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Course Correction

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As Pranab Mukherjee's ascension to presidency approached, it was inevitable that the Prime Minister should look for another finance minister. But the end of his search is notable. It is made more so by his brief statement to the officials of the finance ministry, which was released to the public. Particularly pointed was his reference to the negative public mood, and the role of tax changes in having evoked it. This could only refer to the retrospective tax imposed on Vodafone's purchase of a stake in the telecommunications industry.

The arbitrary decision had wider repercussions. As the PM noted, the consequent impact on the sentiment of foreign investors led to the withdrawal of capital out of India. At a time when the country is running an enormous payments deficit, the capital flight can only lead to depreciation of the rupee. India's payments situation has never been so adverse since the crisis of 1991. Luckily, the Reserve Bank has some reserves and can ride out the storm for some time. But it is time for the government to take action. Domestically, the situation is not so desperate, but the economy is obviously not in good shape. The combination of falling growth and high inflation is one that would have worried any finance minister. The changeover in the finance ministry has not come a moment too soon.

However, the economic situation did not fall from heaven; the finance ministry's steering of the economy contributed to it. It was not just the last budget; throughout the tenure of the last two finance ministers, economic management has been poor. The reversal of retrospective taxation is urgent, but it is unlikely to be enough to turn around the economy. Policy-making has been as retrogressive in the past four years as it was in the years before the reforms; if the damage it did is to be repaired, it would require a close look at all that was done, and a reversal of many detailed measures. Although the steps announced by Manmohan Singh in his budget of 1991 made all the news, the process of reforms was a long-drawn one; it went on at least till the abolition of import licensing in 2001. The PM does not have so much time this time. His party is going to face a general election in two years; if recent election results are any guide, it faces a very difficult situation. He therefore needs to have a much greater sense of urgency this time. And he will have to concentrate on a handful of crucial actions that can turn the tide.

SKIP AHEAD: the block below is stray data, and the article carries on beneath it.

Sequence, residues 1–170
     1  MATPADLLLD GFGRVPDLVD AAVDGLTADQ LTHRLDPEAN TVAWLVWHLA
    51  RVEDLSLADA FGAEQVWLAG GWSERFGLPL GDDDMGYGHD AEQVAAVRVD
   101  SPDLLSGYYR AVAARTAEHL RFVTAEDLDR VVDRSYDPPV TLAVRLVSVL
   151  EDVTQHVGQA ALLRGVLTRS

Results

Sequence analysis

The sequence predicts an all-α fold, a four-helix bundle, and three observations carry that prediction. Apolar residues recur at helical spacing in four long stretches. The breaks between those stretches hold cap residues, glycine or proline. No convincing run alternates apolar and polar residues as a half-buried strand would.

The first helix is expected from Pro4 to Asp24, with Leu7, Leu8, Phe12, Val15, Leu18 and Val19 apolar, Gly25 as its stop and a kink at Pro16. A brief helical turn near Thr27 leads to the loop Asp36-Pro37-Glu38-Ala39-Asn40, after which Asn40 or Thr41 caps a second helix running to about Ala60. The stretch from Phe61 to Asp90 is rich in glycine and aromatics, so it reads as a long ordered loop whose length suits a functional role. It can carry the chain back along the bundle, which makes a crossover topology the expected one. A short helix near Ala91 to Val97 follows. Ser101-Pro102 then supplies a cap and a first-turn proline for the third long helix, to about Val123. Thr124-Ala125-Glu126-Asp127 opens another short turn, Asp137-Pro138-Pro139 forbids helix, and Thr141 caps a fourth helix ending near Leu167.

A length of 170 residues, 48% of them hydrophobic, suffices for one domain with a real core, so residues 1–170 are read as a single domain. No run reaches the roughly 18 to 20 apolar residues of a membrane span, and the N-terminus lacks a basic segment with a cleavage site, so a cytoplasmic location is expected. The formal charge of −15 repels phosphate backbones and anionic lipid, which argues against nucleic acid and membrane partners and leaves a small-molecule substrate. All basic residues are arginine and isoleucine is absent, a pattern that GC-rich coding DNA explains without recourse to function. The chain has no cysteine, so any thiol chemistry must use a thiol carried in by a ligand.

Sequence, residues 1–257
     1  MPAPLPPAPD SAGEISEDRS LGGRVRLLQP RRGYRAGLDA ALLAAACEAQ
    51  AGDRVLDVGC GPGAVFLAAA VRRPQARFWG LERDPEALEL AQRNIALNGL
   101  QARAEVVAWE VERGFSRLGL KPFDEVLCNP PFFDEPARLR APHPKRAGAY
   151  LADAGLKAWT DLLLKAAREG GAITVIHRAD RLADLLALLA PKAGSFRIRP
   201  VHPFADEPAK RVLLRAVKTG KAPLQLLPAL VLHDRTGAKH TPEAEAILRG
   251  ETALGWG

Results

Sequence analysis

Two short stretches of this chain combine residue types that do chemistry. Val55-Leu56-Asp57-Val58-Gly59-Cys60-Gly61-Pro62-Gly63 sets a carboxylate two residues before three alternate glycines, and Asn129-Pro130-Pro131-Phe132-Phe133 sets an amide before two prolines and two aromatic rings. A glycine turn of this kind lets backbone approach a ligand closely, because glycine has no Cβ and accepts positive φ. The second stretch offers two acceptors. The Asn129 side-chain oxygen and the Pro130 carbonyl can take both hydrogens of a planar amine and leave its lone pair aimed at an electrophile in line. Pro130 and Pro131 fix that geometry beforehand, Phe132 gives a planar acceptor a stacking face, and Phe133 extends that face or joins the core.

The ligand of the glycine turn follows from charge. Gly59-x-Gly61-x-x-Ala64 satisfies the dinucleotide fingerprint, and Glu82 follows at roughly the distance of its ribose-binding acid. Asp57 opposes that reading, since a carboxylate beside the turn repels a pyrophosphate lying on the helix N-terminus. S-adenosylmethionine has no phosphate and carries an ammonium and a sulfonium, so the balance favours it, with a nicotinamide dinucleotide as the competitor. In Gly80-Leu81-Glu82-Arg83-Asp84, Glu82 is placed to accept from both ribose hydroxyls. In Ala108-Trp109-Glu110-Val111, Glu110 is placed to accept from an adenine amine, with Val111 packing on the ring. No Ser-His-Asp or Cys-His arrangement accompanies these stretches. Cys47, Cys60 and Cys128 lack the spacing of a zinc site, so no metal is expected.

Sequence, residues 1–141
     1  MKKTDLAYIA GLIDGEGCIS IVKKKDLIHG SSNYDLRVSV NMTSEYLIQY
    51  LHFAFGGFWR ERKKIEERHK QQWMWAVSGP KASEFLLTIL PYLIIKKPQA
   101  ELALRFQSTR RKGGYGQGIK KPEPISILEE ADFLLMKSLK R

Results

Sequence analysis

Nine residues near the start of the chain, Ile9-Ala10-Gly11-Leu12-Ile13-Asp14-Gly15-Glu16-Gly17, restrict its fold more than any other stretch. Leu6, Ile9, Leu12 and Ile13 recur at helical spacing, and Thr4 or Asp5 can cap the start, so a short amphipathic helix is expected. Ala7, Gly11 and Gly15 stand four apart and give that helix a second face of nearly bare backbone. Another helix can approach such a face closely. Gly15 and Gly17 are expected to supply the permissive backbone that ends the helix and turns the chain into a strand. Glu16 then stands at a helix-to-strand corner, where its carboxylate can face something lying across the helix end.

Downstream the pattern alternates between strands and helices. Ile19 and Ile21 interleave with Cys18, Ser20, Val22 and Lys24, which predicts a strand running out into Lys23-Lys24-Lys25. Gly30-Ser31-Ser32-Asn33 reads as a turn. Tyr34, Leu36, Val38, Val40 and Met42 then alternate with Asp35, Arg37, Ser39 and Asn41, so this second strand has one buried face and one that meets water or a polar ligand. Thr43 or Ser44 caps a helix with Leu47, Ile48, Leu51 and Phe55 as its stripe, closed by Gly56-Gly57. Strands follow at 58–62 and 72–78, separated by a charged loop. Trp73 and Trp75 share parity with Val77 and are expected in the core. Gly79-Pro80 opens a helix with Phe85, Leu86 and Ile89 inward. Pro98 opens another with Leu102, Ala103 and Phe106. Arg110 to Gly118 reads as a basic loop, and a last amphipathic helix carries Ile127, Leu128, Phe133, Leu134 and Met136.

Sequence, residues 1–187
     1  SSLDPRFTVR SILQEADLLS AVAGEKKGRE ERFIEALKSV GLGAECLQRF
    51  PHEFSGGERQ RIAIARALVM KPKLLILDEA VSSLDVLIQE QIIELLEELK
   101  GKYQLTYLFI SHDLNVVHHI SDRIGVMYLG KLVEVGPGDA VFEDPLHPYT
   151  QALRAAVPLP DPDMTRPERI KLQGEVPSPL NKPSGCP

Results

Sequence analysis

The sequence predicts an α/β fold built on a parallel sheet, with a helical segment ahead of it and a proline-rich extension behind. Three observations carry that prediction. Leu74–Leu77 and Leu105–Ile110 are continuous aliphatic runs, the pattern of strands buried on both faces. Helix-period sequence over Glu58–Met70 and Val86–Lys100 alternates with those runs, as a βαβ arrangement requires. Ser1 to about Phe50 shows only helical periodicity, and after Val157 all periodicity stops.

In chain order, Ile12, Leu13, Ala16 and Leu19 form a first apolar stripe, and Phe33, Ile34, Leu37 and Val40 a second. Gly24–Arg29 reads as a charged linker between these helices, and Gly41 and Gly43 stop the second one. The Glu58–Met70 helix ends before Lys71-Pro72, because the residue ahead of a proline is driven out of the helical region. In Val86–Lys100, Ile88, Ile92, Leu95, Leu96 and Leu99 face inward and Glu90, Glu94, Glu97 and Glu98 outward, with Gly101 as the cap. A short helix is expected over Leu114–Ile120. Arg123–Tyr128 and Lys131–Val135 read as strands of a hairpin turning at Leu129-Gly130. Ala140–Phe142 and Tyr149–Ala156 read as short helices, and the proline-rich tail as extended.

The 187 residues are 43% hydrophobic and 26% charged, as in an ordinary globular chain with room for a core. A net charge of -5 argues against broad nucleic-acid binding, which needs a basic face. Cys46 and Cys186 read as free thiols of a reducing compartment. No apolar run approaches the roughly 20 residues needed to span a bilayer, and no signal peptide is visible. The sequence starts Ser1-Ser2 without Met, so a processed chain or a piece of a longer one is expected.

His policy options on the balance of payments are limited. The RBI has been depreciating the rupee anyway; faster depreciation would not help much. It has also done everything to attract foreign capital. But the finance minister's measures to scare it away were overwhelming.

Hence the best the PM can do is to concentrate on inflation. Here too, the RBI has tried all it can; monetary policy cannot achieve much more. That leaves a short-term and a long-term option. The short-term option is to bring down foodgrain prices. All that is required is that the government should start selling its indecently large stocks of wheat and rice. Their consumers, who are an overwhelming majority as against producers, would bless him if he brings down food prices. The question is whether he has the political courage. Surplus producers of wheat and rice, whom the present government policy of inexorably pushing up prices helps, are organised and concentrated in a few states; a government that has tried to please them for years is unlikely to be prepared to displease them now.

The long-term option is to use fiscal policy to reduce inflationary pressure. Both Chidambaram and Mukherjee ran recklessly large fiscal deficits; they were the prime movers of inflation. Now the PM has a chance to reverse their profligacy and present himself, as he did many years ago, as a responsible finance minister. He can do so by cutting government expenditure, or raising taxes, or both. There are good candidates for expenditure cutting. Foodgrain subsidies go, to a large extent, to finance bribes to politically influential intermediaries; the poor, in whose name they are given, hardly ever see them. And precisely for that reason, the PM may not see his way to cutting them.

Employment subsidies, which go under the grandiose name of the Mahatma Gandhi National Rural Employment Guarantee Scheme, also largely end up in the pockets of political intermediaries. The PM could save thousands of crores of rupees on subsidies. That is what the doctor would recommend; the question is whether he can persuade the political patient inside him to take the medicine.

(This story was published in Businessworld Issue Dated 16-07-2012)